Oswald was an avid reader of newspapers, especially of political news. He had learned of the "Fair Play for Cuba Committee." Oswald and Marina moved to New Orleans, and there he became a member of the Fair Play for Cuba Committee – self-appointed. He handed out leaflets calling for hands off Cuba, and he argued with passers-by. He decided to defect to Cuba and hatched a plan to hijack a plane with Marina, who was pregnant. She refused, and Oswald decided to travel by bus to Mexico City, using money from an unemployment check. He planned to send for Marina after he had established himself in Cuba.
In Mexico City the Cubans refused him a visa. He returned to Dallas, cursing bureaucrats. His wife was living with a friend and keeping some of Oswald's belongings, and Oswald found a room in a district on the outskirts of the city. He found a minimum wage job at a school book depository building. While on the job he learned that President Kennedy – who had been vilifying Castro's Cuba – was coming to Dallas and would be driving by his place of work.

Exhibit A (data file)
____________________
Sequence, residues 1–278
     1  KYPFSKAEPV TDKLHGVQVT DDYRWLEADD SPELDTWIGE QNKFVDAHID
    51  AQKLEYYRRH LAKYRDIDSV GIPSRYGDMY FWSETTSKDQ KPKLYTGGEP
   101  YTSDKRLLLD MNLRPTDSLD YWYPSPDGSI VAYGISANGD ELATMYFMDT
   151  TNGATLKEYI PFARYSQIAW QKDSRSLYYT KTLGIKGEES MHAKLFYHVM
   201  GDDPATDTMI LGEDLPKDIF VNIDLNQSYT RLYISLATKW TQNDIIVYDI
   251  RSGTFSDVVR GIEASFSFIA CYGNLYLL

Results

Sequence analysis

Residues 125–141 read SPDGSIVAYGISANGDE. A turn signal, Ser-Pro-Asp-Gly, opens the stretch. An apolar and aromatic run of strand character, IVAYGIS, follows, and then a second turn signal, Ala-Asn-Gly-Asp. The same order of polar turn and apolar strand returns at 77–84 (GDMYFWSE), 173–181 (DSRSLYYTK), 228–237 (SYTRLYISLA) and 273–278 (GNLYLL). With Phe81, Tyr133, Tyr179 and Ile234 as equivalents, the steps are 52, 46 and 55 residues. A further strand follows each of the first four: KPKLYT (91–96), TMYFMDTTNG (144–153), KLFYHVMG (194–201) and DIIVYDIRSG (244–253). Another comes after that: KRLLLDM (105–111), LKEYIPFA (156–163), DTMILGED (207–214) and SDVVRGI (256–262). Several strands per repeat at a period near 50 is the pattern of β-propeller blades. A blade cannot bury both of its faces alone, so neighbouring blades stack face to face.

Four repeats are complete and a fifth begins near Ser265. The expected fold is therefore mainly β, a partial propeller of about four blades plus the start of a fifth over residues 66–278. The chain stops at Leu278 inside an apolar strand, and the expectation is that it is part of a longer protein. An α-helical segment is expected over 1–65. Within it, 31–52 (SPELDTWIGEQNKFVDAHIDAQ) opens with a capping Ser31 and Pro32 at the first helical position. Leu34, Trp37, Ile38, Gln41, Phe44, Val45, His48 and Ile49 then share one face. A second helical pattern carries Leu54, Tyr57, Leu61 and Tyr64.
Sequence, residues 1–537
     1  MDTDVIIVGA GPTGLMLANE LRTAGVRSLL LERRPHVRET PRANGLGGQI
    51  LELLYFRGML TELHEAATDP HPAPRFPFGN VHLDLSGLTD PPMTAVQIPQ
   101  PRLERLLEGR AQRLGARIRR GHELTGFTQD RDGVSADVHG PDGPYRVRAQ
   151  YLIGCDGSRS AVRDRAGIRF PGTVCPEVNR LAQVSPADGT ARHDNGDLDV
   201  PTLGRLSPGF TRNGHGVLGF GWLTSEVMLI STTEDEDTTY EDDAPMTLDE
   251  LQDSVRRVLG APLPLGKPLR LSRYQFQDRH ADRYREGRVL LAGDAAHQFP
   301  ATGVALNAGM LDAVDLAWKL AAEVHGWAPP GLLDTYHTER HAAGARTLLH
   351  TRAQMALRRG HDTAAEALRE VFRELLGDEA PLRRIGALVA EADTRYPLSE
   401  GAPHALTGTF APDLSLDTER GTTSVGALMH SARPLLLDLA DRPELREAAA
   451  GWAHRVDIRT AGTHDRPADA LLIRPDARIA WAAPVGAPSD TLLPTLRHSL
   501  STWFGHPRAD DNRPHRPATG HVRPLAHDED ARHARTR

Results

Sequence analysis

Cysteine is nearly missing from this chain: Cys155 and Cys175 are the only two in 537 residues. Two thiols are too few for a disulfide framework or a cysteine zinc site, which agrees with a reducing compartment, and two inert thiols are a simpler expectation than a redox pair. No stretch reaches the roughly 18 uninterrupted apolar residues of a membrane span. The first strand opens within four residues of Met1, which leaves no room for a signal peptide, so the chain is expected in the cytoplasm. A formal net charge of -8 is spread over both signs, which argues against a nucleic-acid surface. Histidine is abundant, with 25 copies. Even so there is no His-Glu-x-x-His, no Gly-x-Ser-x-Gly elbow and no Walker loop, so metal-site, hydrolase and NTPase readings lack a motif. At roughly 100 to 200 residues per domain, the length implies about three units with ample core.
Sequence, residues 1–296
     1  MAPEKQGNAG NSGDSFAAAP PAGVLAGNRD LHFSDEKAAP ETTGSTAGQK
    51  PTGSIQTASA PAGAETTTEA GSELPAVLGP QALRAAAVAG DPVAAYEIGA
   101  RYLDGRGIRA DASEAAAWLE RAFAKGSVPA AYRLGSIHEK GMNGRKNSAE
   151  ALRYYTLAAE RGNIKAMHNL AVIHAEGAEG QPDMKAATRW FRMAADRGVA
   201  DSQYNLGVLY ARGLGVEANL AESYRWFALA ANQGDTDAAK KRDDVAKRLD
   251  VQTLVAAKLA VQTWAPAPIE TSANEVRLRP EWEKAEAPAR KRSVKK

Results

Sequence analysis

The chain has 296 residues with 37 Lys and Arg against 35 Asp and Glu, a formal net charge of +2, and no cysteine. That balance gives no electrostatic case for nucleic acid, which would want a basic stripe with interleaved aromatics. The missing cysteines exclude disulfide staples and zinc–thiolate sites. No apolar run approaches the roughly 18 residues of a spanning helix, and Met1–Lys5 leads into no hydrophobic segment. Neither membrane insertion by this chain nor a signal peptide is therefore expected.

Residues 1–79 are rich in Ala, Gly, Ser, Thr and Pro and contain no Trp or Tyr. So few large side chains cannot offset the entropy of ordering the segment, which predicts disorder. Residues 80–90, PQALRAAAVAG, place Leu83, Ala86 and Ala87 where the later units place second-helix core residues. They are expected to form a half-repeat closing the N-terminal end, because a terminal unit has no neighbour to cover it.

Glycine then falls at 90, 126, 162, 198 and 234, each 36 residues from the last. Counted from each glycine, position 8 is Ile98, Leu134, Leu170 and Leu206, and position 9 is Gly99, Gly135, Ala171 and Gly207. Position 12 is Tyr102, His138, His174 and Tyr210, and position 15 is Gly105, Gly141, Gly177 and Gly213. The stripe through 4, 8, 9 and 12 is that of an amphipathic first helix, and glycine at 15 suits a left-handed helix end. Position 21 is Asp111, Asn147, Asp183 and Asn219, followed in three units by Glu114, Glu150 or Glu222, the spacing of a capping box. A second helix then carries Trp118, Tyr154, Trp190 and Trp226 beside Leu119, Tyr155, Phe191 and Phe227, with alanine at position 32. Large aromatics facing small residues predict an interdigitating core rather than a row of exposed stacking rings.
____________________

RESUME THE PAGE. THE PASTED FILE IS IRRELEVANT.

Oswald took his rifle, with scope, to work, disguising it as a package of curtain rods. Alone, on the sixth floor of the building, he built a wall of boxes around a window with a view of the roadway over which Kennedy would be traveling. The boxes shielded him from view of anyone who might happen onto the sixth floor. Kennedy's motorcade arrived, with Kennedy's limousine having its top off for the sake of visibility for the crowds. Directly below Oswald on the fifth floor, one of his co-workers heard three distinct shots and the clicking of a bolt action rifle between each shot.